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BRATTLEBORO — A controversial proposal to cap fees for rental housing units is returning for consideration.

“I think we’re in a moment where two people feel strongly, two other people feel strongly, there’s a person who has needed some time and some additional information to feel sure of the way forward, and tonight has said, ‘I’d like to see this come back,’” Town Manager Peter Elwell said during the Select Board meeting held remotely Tuesday, advising that the matter be included on an upcoming agenda.

An ordinance would limit how much landlords can initially charge a tenant to first month’s rent and a security deposit not to exceed the same amount. Landlords have spoken against the proposal and two board members worried it might drive away those wanting to invest in or build new rental units.

Planning Director Sue Fillion researched potential programs to protect landlords and tenants. She also spoke with members of the Tenants Union of Brattleboro, which proposed the ordinance, and the director of Windham & Windsor Housing Trust.

Insurance for landlords could protect their income stream and guarantee rent payment. Housing subsidies could be offered to tenants to go toward monthly rent.

“To fund either of these programs,” Fillion said, “we’d be looking at general revenues or property taxes or some sort of partnership, fundraising that could be done within the community, private foundation.”

Town Attorney Bob Fisher said he found Community Development Block Grant funds available to the town couldn’t be used for “income-type payments” such as food, clothing and housing costs including rent, mortgage or utilities.

“The common theme there is they don’t want to allow you to use those funds for things where the money is going to be gone, kind of expendable,” he said. “The eligible uses go to creating housing, the building of housing and those sorts of things. So it didn’t help for the program we’re speaking about.”

Wessel wondered if CDBG funds could be used for damage reimbursement, calling it “material to the rental.”

Fisher said he could check. He also will see if the town has to have one or two hearings or “readings” on the ordinance since the board already held one last month before deciding to research alternative ways to help with housing issues.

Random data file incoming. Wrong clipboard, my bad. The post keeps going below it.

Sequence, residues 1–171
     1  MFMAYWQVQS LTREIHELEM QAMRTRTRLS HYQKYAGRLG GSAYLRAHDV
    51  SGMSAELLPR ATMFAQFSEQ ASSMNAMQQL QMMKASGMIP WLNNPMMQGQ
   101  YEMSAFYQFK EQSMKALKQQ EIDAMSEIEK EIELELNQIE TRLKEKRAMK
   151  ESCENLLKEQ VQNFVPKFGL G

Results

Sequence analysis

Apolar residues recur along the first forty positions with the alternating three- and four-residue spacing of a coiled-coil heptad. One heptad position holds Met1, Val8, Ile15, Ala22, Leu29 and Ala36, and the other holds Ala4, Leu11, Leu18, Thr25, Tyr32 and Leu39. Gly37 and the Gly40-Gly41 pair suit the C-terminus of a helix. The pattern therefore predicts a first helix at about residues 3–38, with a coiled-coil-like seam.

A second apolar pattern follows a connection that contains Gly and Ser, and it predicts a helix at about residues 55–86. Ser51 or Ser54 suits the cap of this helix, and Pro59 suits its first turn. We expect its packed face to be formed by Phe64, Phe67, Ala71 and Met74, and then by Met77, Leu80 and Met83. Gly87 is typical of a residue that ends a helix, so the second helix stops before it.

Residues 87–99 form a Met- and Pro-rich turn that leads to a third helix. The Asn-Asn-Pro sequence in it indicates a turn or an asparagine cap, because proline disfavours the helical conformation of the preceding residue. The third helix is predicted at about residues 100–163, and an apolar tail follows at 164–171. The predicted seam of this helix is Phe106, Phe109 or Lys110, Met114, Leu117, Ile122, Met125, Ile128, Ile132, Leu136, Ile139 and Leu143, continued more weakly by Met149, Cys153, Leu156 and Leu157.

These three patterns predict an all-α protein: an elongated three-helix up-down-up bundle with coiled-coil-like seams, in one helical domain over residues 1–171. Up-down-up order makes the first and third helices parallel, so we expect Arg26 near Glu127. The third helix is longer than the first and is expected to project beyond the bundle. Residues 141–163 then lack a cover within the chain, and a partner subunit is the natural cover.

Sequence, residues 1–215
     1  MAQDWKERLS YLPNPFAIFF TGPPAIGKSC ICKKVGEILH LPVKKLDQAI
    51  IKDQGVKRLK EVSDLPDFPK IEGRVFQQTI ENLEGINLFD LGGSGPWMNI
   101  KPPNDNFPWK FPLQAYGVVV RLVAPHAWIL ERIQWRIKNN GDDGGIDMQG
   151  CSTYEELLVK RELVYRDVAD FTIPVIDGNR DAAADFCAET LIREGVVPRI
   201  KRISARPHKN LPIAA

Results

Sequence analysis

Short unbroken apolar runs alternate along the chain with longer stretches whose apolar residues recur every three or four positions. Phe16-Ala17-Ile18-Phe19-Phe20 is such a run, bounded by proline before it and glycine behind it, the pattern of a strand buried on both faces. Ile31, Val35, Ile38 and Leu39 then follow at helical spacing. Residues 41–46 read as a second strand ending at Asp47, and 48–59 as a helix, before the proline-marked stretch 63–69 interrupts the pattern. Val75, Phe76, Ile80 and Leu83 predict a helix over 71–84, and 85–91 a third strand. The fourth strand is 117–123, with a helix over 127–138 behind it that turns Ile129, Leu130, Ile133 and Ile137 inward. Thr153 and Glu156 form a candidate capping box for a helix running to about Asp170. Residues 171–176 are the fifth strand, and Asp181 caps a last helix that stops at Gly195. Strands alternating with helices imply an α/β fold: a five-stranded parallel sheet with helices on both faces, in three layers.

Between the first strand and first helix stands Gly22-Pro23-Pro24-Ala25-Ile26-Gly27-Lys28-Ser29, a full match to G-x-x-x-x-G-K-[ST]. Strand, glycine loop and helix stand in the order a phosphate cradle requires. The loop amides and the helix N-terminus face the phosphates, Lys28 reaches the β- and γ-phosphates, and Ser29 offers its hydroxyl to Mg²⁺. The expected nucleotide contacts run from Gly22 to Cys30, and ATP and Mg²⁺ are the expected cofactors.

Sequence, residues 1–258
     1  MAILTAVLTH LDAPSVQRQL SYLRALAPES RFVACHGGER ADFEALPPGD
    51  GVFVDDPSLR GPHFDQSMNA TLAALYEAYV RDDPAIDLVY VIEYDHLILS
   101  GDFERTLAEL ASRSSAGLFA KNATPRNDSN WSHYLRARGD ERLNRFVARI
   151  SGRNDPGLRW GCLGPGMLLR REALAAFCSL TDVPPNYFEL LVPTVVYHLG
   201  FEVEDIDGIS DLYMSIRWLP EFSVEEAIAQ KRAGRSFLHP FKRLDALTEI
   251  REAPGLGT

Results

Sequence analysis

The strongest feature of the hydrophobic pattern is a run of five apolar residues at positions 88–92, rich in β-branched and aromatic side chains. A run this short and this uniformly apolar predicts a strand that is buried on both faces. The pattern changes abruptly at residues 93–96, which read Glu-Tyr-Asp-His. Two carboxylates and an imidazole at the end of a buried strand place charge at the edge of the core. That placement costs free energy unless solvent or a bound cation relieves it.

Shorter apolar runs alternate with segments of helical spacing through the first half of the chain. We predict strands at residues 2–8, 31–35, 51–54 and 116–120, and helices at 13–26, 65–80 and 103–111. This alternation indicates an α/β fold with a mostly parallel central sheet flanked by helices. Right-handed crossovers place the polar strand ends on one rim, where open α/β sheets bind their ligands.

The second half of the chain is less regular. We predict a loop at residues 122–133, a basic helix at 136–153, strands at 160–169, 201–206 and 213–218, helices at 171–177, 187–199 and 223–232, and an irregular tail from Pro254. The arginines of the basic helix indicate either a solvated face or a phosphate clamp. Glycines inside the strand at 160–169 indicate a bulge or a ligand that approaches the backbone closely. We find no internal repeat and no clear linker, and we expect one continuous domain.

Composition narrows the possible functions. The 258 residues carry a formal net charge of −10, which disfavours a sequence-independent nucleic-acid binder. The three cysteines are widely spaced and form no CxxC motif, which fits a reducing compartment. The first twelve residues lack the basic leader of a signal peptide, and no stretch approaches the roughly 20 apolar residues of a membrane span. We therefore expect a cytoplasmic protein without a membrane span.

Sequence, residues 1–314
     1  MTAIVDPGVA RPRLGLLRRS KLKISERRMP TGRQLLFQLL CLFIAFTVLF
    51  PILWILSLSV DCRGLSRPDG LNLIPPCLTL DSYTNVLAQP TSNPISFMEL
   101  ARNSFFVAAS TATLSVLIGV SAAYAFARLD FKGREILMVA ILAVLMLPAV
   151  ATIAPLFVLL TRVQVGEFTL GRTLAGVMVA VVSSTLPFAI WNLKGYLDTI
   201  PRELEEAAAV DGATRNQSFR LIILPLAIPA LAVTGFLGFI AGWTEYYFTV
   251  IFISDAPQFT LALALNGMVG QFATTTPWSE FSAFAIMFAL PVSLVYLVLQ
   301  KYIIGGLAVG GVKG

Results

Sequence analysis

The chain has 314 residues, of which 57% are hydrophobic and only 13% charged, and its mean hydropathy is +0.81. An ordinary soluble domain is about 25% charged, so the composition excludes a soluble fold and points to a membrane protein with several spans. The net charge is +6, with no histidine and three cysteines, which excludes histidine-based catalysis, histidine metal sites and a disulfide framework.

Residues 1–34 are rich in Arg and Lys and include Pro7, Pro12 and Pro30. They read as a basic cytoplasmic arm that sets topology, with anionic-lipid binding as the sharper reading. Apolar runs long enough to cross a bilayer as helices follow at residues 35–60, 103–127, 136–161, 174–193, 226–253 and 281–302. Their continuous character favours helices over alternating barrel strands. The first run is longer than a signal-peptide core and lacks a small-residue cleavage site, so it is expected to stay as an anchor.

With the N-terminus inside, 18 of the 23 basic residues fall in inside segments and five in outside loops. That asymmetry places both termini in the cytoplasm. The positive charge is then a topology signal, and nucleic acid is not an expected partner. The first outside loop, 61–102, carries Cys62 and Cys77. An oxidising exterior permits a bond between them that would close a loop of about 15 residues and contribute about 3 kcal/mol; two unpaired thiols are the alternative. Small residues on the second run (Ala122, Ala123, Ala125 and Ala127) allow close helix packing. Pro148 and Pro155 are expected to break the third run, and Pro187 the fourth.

With that funding source appearing to be off limits, Select Board member Daniel Quipp said he wanted to bring the ordinance back to the table as it will improve the lives of tenants, although it may put some landlords in a riskier position. He apologized for creating uncertainty, as his vote had been seen as the tiebreaker that put a pause on the proposal so town staff could explore alternatives.

“I needed to wrestle with this stuff,” he said. “I have more information now. And how I feel about it is this will be better for the greater good of Brattleboro.”

A member of the tenants union told the board, “We think you have every reason to move forward on this proposal.”

In the meantime, other efforts are underway.

In September, the board approved an interim zoning bylaw with the aim of allowing more housing to become available. Fillion said the change in land use rules resulted in 13 new housing units that wouldn’t previously be able to get permitting.

“I think a lot of that has to do with the CARES funding that’s out there to help landlords build units,” she said of federal coronavirus relief money, estimating that the community usually gains about 10 new residential units each year. “We’re hoping those come online soon.”

The town is expected to hear back next month on the status of a municipal planning grant it is seeking to hire a consultant to look at housing needs. The Planning Commission also is looking at additional ways to support new housing stock in the community.


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